4. Clear Sky Café.  Another favorite.  We ate here twice for dinner and it was great both times. Located just one block off the beach with both indoor and outdoor dining, this cafe is funky and fun. Live music at night. Extensive menu is reasonably priced. Lobster mac and cheese, blackened seafood grill and key lime pie were all amazing. Reservations would be worth it although we walked in both nights and didn’t wait for long.

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View from just outside the cafe.

5. Bob Heilman’s Beachcomber. I love this place. It has an old school, supper club vibe that is somehow just perfect. It is a welcome respite from the beach themed cafes scattered all over Clearwater Beach. This is a place where the bartender knows your name, and your drink, and provides exceptional service all night. We stopped in here for drinks and appetizers and had an amazing time sitting at the bar. Oysters and crab cakes were delicious!

Nothing wrong with this plate!

6. Palm Pavilion Beachside Grill. This is one of the only restaurants that is truly on the beach. There is a large verandah that provides ample outdoor seating. The food is good but not great but the views more than make up for it.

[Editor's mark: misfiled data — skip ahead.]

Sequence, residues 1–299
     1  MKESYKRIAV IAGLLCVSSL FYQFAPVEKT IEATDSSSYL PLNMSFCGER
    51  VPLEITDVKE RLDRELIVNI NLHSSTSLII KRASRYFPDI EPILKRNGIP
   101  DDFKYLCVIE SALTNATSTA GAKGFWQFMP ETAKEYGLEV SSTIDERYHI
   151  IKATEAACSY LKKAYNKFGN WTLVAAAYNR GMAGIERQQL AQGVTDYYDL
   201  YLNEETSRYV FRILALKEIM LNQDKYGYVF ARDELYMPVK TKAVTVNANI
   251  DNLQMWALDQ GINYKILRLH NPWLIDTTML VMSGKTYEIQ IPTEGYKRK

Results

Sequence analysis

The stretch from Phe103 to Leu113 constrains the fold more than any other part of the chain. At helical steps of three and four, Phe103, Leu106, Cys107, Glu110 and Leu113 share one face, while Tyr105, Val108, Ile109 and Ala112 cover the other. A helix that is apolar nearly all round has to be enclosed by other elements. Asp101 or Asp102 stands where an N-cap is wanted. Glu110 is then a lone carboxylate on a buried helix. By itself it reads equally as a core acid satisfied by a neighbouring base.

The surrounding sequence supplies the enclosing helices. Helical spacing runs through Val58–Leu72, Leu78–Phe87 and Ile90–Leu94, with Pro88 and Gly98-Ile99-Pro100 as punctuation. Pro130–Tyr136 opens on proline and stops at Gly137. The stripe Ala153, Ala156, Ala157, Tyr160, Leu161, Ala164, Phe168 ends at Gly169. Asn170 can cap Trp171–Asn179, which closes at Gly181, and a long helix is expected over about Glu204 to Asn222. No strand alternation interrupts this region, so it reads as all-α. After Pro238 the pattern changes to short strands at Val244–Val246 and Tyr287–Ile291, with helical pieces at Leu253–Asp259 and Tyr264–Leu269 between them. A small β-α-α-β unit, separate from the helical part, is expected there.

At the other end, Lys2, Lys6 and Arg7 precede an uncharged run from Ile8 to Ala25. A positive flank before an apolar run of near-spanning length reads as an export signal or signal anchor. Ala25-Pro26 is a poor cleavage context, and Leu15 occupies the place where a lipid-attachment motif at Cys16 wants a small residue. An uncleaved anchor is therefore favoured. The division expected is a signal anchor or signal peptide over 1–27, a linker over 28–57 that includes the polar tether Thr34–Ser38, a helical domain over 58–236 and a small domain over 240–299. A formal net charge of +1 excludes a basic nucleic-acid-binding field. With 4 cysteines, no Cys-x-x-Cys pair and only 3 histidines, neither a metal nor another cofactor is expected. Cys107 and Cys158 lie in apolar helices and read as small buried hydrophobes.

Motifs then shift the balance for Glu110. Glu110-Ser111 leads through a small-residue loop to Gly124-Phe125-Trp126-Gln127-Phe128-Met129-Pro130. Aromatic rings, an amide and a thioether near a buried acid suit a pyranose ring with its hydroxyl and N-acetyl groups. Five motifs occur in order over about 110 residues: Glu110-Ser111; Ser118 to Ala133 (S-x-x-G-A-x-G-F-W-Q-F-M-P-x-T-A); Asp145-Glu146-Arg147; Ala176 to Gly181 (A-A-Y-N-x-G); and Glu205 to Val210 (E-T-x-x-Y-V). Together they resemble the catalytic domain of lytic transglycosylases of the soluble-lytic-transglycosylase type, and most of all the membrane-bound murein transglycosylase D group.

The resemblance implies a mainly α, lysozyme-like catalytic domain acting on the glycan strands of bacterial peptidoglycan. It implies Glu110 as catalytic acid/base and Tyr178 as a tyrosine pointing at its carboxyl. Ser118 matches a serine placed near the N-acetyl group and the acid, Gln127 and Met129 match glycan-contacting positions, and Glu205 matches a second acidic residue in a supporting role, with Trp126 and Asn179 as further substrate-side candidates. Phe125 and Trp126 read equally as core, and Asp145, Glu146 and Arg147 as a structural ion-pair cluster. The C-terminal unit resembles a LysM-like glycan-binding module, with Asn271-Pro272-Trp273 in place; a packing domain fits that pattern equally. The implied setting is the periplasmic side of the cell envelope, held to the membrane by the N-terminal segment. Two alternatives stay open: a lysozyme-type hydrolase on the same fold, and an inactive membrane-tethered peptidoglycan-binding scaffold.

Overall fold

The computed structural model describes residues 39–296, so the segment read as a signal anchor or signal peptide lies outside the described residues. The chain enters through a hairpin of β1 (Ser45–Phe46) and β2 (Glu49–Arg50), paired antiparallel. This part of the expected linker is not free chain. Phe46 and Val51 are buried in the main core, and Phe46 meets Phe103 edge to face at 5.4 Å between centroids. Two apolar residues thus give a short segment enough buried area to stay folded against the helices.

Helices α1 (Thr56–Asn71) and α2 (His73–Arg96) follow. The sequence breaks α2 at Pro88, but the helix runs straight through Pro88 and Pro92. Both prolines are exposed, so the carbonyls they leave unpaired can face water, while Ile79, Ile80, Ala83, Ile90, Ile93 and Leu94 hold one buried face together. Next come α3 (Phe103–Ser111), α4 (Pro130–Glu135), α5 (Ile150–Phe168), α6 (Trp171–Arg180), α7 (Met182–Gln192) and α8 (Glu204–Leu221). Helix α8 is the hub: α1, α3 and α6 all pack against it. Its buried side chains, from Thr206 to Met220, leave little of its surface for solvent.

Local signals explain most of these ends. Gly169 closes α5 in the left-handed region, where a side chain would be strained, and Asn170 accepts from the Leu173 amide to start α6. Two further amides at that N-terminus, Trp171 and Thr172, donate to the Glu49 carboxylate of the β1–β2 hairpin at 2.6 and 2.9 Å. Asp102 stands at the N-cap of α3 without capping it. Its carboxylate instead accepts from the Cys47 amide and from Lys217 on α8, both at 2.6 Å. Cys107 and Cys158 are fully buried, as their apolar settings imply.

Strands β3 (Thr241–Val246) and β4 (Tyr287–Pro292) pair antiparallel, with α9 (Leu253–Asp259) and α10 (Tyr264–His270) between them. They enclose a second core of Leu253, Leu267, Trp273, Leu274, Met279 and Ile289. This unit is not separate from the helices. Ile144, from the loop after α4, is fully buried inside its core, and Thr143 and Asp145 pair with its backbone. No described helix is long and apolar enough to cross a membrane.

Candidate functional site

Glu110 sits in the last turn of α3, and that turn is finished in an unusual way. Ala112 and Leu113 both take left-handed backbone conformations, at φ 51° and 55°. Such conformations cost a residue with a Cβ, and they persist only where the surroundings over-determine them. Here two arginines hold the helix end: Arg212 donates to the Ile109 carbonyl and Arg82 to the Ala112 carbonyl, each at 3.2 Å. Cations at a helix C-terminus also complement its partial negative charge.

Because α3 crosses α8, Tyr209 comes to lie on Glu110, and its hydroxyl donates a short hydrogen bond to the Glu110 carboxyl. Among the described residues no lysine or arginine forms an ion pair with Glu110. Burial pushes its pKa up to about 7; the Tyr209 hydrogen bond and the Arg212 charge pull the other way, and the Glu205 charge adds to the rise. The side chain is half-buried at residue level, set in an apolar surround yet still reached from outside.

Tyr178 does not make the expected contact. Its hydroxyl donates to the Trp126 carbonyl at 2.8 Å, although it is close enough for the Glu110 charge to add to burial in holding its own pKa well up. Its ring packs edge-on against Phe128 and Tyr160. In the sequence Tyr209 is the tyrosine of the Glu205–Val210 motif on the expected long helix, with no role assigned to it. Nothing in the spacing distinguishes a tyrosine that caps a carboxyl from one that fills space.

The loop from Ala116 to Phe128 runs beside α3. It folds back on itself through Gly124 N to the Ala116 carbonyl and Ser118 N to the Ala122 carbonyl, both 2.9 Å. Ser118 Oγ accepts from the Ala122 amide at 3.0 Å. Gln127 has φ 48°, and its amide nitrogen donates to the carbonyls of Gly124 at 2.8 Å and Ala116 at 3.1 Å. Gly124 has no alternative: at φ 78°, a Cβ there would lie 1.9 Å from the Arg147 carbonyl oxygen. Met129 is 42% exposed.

7. Bobby’s Bistro and Wine Bar. This is the more casual, younger sibling to Bob Heilman’s Beachcomber. The wine list is really extensive, particularly if you want to buy by the bottle. Menu is not large and the service was slow. It was fine, but I wouldn’t go out of my way to go back.

8. Another Broken Egg Café. I love brunch and this place delivered! New Orleans inspired cuisine in a friendly setting with indoor and sidewalk seating. Crab cake Benedict and beignets were amazing. Variety of mimosas and other drinks. Cold brew coffee was the best I had in Clearwater (why are there not better coffee options here???).

Mimosa for the win!
Crab eggs Benedict.

9. Sandbar Restaurant and Bar. Hands down, the best place to watch the sunset while sipping a drink and eating snacks. Don’t miss it!

The sunsets here are unparalleled.